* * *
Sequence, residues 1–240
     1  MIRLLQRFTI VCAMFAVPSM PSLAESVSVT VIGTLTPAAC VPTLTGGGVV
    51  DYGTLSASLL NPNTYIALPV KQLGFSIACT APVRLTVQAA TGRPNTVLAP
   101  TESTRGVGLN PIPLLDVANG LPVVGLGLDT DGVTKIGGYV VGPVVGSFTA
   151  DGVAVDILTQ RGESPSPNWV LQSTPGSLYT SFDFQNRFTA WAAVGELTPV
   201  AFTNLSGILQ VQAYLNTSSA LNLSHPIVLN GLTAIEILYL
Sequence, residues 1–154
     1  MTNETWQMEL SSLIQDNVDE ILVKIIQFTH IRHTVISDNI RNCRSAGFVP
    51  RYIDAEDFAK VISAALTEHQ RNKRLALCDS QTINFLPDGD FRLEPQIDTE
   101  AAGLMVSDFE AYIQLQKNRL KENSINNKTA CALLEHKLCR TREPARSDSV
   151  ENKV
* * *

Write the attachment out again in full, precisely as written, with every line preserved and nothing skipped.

Sequence, residues 1–240
     1  MIRLLQRFTI VCAMFAVPSM PSLAESVSVT VIGTLTPAAC VPTLTGGGVV
    51  DYGTLSASLL NPNTYIALPV KQLGFSIACT APVRLTVQAA TGRPNTVLAP
   101  TESTRGVGLN PIPLLDVANG LPVVGLGLDT DGVTKIGGYV VGPVVGSFTA
   151  DGVAVDILTQ RGESPSPNWV LQSTPGSLYT SFDFQNRFTA WAAVGELTPV
   201  AFTNLSGILQ VQAYLNTSSA LNLSHPIVLN GLTAIEILYL
Sequence, residues 1–154
     1  MTNETWQMEL SSLIQDNVDE ILVKIIQFTH IRHTVISDNI RNCRSAGFVP
    51  RYIDAEDFAK VISAALTEHQ RNKRLALCDS QTINFLPDGD FRLEPQIDTE
   101  AAGLMVSDFE AYIQLQKNRL KENSINNKTA CALLEHKLCR TREPARSDSV
   151  ENKV